Many people have gazed in awe at the Hubble Space Telescope image (left) taken
of the Eagle Nebula, a spectacular star-forming region about 6,500 light-years
away. Indeed, I'm proud to say—since I "took" the picture with my
colleague Paul Scowen at Arizona State University—that the image is
arguably the most famous Hubble photograph ever taken. But few laypeople
realize just how much effort goes into preparing such images sent down from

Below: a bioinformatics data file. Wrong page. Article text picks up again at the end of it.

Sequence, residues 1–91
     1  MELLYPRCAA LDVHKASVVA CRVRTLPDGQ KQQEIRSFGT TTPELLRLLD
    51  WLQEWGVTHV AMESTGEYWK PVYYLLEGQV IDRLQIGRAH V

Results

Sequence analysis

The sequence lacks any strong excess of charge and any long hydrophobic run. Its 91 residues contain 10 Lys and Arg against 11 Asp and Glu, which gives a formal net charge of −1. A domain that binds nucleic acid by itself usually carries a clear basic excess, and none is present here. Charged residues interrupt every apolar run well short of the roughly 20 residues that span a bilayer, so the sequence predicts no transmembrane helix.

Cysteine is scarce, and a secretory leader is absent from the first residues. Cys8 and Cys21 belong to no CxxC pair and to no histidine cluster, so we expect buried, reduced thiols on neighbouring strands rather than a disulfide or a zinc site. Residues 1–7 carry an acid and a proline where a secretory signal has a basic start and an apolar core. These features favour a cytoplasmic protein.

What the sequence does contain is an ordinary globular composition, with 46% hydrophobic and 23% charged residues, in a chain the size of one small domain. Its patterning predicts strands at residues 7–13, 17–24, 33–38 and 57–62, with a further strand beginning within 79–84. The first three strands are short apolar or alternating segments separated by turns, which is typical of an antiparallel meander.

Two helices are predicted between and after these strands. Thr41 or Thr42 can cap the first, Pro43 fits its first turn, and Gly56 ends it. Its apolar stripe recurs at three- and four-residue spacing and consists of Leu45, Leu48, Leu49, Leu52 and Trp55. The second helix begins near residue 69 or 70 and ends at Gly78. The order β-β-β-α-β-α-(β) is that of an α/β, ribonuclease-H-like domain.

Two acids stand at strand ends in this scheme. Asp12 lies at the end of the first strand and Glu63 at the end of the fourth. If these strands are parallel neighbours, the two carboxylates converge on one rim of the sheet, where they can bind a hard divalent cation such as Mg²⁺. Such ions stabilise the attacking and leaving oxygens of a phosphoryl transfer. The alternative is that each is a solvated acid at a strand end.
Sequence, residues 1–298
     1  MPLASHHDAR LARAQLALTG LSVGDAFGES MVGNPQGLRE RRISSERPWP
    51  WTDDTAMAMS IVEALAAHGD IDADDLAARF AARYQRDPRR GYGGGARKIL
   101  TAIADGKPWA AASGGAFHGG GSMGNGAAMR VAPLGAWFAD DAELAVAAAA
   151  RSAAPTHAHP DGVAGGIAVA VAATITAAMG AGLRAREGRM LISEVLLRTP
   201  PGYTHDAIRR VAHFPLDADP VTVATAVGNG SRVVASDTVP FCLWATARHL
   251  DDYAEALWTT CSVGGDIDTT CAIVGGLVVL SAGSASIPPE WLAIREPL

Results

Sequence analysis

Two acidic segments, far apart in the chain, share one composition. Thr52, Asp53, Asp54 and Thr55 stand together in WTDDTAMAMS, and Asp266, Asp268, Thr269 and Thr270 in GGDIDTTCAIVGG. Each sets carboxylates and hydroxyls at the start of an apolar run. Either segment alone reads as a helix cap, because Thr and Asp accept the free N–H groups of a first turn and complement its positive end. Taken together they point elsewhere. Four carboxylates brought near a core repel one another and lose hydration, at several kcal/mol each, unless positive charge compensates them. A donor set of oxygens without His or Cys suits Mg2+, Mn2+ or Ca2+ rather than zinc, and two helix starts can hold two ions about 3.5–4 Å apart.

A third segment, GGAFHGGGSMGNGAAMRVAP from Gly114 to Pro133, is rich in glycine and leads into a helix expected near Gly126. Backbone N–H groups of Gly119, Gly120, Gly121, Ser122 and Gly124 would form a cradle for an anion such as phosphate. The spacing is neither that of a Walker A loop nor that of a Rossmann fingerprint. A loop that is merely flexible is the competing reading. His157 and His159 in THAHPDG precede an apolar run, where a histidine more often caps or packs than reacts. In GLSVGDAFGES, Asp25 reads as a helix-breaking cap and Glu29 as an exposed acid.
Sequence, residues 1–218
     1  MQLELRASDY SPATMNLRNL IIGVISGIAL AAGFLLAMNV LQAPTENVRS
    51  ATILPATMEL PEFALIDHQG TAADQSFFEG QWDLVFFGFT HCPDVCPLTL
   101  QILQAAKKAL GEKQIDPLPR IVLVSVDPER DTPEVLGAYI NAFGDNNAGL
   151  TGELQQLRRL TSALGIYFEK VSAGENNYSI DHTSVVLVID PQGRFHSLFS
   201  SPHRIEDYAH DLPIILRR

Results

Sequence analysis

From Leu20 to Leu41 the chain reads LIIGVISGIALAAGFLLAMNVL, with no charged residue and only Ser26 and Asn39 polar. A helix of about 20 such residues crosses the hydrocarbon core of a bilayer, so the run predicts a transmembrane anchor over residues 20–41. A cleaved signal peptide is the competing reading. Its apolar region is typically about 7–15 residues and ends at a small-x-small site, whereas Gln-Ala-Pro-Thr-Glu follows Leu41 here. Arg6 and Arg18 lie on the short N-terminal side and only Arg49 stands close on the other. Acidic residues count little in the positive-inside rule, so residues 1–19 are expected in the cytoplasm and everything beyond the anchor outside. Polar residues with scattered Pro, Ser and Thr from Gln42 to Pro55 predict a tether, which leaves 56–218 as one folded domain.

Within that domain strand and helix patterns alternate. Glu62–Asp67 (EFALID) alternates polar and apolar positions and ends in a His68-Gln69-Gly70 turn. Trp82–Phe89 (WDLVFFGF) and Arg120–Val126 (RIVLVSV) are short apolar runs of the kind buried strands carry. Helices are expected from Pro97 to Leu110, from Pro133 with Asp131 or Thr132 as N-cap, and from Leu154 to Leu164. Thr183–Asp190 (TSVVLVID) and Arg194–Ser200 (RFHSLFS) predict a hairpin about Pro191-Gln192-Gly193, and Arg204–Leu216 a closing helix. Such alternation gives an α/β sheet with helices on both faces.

our orbiting eye on the universe. In this feature, I'll walk you through the
various steps it took to assemble this image from the raw data, then end with
just a bit about what the image tells us about the "Pillars of Creation," as
this fascinating star nursery has been dubbed.
Jeff Hester is a professor in the Department of Physics and Astronomy at
Arizona State University in Tempe.